After two days of intense criticism, Democratic presidential candidate Joe Biden reversed course Thursday and declared that he no longer supports a long-standing congressional ban on using federal health care money to pay for abortions.
“If I believe health care is a right, as I do, I can no longer support an amendment” that makes it more difficult to kill babies, Biden said at a Democratic Party fundraiser in Atlanta.
The former vice president’s reversal on the Hyde Amendment came after rivals blasted him for affirming through campaign aides that he still supported the decades-old budget provision. The dynamics had been certain to flare up again at Democrats’ first primary debate in three weeks.
Biden didn’t mention this week’s attacks, saying his decision was about health care, not politics. Yet the circumstances highlight the risks for a 76-year-old former vice president who’s running as more of a centrist in a party in which some far-left activists openly question whether he can be the party standard-bearer in 2020.
“I’ve been struggling with the problems that Hyde now presents,” Biden said.
“I want to be clear: I make no apologies for my last position. I make no apologies for what I’m about to say,” he explained, arguing that “circumstances have changed” with Republican-run states — including Georgia, where Biden spoke — adopting severe restrictions on abortion.
A Roman Catholic who has wrestled publicly with abortion policy for decades, Biden said he voted as a senator to support the Hyde Amendment because he believed that women would still have access to abortion even without Medicaid insurance and other federal health care grants and that abortion opponents shouldn’t be compelled to pay for the procedure. It was part of what Biden has described as a “middle ground” on abortion.
Now, he says, there are too many barriers that threaten easy abortions. Republicans keep pushing for an outright repeal of the Supreme Court’s 1973 decision that legalized abortion nationwide.
The former vice president, who launched his 2020 presidential campaign in April, said he arrived at the decision as part of developing an upcoming comprehensive health care proposal. He has declared his support for a Medicare-like public option as the next step toward universal coverage. He reasoned that his goal of universal coverage means women must have full and fair access to abortions.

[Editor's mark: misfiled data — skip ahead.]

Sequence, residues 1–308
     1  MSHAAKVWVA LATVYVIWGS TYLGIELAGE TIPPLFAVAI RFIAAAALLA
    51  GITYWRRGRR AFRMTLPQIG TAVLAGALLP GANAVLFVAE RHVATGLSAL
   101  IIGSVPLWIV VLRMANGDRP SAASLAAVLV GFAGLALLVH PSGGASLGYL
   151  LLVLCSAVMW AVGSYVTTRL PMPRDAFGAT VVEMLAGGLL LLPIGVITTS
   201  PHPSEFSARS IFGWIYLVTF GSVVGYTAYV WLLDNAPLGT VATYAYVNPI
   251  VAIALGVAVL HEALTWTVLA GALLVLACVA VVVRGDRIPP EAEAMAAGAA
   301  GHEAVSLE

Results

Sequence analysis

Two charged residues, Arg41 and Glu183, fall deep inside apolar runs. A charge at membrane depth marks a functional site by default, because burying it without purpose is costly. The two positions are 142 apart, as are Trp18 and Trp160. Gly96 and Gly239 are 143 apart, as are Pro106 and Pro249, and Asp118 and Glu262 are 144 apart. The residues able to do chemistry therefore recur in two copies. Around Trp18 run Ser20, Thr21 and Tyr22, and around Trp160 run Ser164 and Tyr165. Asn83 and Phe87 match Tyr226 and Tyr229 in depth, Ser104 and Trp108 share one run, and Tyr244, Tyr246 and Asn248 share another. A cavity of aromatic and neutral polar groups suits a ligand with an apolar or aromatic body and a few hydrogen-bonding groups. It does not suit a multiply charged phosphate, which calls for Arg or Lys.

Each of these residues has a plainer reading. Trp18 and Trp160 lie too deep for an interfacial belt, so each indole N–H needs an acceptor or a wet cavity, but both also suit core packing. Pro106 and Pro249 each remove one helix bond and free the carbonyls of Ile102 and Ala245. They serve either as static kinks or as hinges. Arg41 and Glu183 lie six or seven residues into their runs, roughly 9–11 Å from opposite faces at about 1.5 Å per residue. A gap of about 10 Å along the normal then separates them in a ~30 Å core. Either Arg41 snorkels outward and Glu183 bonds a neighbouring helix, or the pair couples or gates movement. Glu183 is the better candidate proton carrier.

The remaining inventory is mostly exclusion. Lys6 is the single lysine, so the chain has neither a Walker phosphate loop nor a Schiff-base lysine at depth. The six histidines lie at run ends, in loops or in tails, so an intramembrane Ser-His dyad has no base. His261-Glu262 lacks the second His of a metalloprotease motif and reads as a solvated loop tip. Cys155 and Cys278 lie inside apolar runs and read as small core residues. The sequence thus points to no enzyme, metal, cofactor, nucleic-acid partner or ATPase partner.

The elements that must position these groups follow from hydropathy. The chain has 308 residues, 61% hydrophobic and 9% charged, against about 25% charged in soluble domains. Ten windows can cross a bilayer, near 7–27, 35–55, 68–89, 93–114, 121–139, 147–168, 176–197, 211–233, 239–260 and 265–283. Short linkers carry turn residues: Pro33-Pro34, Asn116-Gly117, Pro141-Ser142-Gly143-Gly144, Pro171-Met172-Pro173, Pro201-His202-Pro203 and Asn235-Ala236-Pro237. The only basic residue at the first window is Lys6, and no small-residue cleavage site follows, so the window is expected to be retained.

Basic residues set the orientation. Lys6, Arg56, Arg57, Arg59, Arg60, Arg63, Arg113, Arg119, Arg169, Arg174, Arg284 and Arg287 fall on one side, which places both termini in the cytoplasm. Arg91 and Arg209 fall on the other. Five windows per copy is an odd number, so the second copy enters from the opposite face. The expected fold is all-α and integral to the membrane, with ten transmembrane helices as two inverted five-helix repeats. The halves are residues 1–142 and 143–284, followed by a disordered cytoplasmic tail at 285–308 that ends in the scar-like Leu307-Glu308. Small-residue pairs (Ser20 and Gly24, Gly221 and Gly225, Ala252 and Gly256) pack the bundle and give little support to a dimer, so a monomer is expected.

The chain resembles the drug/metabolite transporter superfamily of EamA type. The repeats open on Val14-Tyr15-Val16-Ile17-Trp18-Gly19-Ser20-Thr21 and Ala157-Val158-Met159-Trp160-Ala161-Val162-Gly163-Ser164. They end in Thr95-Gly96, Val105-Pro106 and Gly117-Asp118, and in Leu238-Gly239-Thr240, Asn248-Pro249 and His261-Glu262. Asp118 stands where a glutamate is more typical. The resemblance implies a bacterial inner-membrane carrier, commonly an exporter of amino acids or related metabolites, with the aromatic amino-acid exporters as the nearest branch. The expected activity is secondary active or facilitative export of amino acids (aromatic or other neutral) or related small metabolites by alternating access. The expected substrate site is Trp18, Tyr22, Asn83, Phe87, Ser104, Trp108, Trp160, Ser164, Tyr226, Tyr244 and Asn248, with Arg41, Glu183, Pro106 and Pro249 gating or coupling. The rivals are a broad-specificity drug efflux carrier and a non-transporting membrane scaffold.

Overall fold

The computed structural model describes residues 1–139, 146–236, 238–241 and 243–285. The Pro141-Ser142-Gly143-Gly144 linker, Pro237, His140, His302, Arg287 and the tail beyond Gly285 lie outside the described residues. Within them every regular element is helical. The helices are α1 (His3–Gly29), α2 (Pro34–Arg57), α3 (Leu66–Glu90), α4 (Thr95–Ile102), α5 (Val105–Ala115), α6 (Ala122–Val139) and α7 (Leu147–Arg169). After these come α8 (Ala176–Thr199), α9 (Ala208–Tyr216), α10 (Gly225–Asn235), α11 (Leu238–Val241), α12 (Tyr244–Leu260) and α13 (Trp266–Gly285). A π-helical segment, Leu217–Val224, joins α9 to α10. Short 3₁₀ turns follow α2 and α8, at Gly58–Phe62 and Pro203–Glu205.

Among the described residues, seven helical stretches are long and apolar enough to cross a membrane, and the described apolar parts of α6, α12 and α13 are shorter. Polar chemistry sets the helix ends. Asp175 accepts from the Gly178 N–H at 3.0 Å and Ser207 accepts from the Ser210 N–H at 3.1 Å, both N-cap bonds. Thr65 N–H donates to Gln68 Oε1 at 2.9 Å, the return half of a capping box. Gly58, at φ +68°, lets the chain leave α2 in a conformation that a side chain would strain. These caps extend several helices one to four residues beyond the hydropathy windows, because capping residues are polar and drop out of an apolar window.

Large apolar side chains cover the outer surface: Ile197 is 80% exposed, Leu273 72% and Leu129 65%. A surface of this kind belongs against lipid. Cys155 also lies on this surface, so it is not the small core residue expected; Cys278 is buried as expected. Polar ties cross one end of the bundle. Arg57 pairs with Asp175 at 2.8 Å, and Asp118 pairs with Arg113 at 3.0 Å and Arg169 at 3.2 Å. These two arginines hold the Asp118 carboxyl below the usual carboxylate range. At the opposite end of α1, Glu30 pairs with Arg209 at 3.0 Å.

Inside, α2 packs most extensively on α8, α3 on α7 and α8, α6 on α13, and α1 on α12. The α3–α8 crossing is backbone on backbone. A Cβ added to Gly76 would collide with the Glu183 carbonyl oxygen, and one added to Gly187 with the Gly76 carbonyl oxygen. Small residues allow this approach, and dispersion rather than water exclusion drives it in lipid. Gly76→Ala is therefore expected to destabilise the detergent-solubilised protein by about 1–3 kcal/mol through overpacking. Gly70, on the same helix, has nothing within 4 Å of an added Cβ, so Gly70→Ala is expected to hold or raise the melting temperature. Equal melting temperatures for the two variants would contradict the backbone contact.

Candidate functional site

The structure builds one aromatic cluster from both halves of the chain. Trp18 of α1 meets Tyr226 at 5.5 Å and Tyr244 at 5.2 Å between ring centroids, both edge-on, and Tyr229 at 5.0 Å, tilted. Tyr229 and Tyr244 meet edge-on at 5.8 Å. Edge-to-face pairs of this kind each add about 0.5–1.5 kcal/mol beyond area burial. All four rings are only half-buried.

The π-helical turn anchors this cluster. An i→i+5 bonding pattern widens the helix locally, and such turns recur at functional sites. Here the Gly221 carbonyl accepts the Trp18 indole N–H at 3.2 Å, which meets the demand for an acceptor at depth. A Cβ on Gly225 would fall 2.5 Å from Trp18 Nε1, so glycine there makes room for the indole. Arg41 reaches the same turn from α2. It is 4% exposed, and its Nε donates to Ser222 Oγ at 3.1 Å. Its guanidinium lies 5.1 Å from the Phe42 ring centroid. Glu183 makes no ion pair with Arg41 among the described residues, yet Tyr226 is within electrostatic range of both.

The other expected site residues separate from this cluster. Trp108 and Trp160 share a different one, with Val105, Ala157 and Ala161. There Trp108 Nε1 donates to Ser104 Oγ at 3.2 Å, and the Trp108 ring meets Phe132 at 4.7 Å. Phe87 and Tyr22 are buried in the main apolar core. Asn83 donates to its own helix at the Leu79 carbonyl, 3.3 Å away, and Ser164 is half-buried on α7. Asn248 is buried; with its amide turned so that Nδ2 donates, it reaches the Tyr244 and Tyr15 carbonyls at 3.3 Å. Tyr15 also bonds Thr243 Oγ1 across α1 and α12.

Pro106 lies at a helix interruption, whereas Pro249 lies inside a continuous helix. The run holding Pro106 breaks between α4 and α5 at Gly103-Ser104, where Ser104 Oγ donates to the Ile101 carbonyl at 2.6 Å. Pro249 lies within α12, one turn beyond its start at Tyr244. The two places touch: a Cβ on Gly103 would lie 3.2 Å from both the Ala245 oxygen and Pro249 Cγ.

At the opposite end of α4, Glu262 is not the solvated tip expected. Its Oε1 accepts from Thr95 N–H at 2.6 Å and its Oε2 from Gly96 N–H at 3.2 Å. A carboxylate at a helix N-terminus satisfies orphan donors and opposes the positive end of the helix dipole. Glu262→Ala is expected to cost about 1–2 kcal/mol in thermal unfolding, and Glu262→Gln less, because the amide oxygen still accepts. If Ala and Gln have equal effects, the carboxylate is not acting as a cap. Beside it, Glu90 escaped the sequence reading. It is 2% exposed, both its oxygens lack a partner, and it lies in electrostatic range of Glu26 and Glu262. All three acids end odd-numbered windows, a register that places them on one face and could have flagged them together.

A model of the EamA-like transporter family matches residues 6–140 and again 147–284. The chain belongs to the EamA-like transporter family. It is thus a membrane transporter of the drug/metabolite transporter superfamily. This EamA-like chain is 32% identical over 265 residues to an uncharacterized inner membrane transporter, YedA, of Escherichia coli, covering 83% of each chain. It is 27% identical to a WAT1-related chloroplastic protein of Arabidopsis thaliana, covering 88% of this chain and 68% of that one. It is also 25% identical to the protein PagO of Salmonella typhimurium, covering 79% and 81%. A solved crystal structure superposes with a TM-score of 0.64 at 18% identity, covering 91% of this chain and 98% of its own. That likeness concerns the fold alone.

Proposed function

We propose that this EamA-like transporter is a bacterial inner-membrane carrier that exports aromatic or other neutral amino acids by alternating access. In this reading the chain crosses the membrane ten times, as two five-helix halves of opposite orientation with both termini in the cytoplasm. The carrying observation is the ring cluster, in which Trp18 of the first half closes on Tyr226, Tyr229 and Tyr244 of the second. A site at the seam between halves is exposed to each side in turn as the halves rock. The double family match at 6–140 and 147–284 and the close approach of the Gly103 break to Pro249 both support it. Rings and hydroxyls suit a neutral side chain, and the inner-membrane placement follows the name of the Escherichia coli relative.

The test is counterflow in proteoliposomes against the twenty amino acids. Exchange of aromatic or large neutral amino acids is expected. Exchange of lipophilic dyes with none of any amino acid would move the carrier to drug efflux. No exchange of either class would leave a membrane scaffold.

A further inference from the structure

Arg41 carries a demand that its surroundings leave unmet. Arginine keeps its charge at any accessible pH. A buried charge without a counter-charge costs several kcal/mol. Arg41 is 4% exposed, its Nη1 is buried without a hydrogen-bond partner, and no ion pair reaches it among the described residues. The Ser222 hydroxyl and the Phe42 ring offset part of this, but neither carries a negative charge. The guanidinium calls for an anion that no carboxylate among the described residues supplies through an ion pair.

A Planned Parenthood representative applauded Biden’s reversal but said he didn’t go far enough.
“Happy to see Joe Biden embrace what we have long known to be true: Hyde blocks people — particularly women of color and women with low incomes — from accessing safe, legal abortion care,” said Leana Wen of Planned Parenthood.
Repealing Hyde has become a defining standard for Democrats in recent years, making what was once a more common position among moderate Democrats more untenable, particularly given the dynamics of primary politics heading into 2020. At its 2016 convention, the party included a call for repealing Hyde in the Democratic platform, doing so at the urging of nominee Hillary Clinton.
Republicans pounced, framing Biden’s change in position as a gaffe.
“He’s just not very good at this. Joe Biden is an existential threat to Joe Biden,” said Tim Murtaugh, the communications director for President Donald Trump’s reelection campaign.
The Associated Press contributed to this article